Trinity College Dublin: Trinity Researchers Raise Grave Concerns for Palestinian Bedouins

Concerns for the Palestinian Bedouin Community in the Middle-East have kick-started an investigation by researchers from Trinity College Dublin into what they regard as the forcible transfer of the minority community from Jerusalem.

The Bedouin who are living at the sharp edge of the situation in Israel-Palestine have become key players in the region as they are at the front line of Israeli settlement expansion, whilst simultaneously facing unique humanitarian vulnerabilities.

Dr Brendan Ciaran Browne, Co-Researcher and Assistant Professor of Conflict Resolution, Trinity College Dublin says:

Living and working in Palestine, for the past 11 years, I’ve seen first-hand the grave injustices that the Bedouin face. Their humanitarian vulnerability involves not only the threat of forced displacement, but also issues to do with accessing basic human needs like water, grazing lands, educational opportunities. This research is so vital because without spotlighting the imminent forced displacement of the Bedouin, their very livelihoods will be further destroyed.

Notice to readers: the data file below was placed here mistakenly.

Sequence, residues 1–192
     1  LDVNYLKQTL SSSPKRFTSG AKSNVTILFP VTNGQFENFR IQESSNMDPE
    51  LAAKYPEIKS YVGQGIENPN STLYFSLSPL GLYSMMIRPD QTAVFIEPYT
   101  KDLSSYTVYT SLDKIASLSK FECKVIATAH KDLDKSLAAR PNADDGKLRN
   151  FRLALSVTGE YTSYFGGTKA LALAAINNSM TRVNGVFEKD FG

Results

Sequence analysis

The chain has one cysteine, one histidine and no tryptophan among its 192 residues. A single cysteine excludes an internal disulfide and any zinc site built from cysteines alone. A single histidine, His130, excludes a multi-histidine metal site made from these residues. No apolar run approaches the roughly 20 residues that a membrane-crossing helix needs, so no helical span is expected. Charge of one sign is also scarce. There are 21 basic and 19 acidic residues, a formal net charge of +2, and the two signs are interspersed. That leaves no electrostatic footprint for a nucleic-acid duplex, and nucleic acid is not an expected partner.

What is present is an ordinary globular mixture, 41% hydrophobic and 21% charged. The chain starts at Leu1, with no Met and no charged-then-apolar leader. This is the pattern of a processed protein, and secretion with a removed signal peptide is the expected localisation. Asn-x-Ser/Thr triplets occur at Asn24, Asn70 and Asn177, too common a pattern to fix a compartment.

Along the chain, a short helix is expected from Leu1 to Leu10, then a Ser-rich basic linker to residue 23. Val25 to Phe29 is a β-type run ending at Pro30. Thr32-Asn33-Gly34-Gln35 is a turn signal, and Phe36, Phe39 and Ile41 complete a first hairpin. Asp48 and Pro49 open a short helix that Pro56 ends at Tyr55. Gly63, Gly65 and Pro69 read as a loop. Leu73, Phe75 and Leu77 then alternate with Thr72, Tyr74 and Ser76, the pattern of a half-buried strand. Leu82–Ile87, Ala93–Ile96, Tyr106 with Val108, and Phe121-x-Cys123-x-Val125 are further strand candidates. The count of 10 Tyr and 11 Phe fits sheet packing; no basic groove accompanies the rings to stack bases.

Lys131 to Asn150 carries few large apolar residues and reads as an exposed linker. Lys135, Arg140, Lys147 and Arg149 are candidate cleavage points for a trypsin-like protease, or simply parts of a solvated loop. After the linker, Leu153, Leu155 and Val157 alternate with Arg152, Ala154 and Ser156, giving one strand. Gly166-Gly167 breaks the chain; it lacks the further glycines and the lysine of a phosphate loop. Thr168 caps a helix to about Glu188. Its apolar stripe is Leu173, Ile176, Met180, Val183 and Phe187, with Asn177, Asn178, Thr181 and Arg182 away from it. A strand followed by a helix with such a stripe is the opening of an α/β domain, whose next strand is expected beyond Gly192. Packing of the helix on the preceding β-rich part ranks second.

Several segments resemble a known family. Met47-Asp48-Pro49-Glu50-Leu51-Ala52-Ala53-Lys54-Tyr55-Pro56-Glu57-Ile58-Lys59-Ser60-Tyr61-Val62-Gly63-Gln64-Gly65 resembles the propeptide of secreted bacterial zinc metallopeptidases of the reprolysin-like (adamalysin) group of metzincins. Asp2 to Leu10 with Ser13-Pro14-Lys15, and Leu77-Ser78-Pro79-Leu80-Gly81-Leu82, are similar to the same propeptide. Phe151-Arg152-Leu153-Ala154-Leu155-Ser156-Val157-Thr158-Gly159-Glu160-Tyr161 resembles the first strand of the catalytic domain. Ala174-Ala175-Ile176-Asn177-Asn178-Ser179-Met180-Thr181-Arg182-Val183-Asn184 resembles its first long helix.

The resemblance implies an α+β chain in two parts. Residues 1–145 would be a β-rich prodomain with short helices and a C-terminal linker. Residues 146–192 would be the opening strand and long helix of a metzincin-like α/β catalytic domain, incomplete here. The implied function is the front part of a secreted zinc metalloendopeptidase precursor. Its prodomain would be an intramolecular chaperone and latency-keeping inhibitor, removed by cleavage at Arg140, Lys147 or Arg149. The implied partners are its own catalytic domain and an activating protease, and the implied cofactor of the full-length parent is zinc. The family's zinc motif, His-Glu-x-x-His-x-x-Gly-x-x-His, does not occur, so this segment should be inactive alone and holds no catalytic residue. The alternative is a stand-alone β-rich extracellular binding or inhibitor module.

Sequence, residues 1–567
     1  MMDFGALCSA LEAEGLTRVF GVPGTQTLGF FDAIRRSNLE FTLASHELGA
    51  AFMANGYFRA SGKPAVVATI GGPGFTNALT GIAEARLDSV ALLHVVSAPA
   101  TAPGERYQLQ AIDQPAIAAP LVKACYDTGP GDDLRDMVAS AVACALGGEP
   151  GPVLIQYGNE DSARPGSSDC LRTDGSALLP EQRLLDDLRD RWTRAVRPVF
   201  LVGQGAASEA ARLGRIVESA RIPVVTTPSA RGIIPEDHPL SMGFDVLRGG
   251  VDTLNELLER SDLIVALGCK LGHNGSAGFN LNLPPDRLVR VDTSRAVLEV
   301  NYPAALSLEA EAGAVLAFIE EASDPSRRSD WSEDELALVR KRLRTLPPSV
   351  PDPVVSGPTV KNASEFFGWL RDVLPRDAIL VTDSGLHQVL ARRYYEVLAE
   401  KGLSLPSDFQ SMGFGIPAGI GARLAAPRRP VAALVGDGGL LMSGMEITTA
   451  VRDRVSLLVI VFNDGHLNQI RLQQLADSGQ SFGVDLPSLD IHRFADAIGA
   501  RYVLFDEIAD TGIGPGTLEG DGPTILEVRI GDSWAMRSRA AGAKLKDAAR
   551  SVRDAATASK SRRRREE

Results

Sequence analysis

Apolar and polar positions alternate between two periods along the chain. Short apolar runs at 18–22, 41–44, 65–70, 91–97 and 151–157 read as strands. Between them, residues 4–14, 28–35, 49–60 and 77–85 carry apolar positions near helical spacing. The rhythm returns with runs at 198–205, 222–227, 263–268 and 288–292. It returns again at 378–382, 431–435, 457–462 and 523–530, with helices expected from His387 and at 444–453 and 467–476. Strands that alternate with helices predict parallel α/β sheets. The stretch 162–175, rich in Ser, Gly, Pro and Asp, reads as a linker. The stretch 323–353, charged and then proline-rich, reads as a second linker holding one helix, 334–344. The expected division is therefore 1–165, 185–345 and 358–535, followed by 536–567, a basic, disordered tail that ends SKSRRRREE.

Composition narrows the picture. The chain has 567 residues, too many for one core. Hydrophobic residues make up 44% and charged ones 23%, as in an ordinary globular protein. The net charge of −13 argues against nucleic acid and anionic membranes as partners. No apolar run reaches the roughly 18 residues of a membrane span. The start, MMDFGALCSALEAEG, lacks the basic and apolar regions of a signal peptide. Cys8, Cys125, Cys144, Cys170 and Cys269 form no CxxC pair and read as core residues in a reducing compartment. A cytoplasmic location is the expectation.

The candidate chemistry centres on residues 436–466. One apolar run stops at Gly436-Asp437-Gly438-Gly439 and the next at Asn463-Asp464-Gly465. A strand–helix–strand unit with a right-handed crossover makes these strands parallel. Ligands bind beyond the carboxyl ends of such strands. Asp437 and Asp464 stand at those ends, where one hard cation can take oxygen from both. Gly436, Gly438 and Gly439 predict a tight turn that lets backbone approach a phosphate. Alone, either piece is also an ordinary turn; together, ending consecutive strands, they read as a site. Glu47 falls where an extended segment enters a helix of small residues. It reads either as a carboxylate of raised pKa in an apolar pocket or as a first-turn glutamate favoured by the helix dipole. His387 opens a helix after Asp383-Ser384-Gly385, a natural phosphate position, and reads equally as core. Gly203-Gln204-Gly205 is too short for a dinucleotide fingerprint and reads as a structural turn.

Researchers from Trinity College Dublin, Queens University Belfast, Liverpool John Moores University and Al Quds University are gathering evidence that will add a further layer of knowledge about the Palestinian communities impacted, complimenting extensive investigations under way before the International Criminal Court on the situation in Palestine. The work will highlight the impact of protracted impunity for violations of International Law against these communities and how it contributes to the deterioration of humanitarian vulnerabilities.

Dr Browne continues:

Critical Peace and Conflict scholars must use their position of privilege to call out injustice. Many Palestinians across the region are experiencing the threat of forcible transfer in real time and the Bedouin communities remain particularly vulnerable. Beyond academic work, as engaged activists, we need to ensure we do all in our power to halt these possible war crimes and call on all governments, including our own, to intervene on this most pressing issue.

The research has been awarded a grant of £452,000 from the Arts and Humanities Research Council (UK) and is a collaborative project between Trinity College Dublin, Queens University Belfast, Liverpool John Moores University and Al Quds University.

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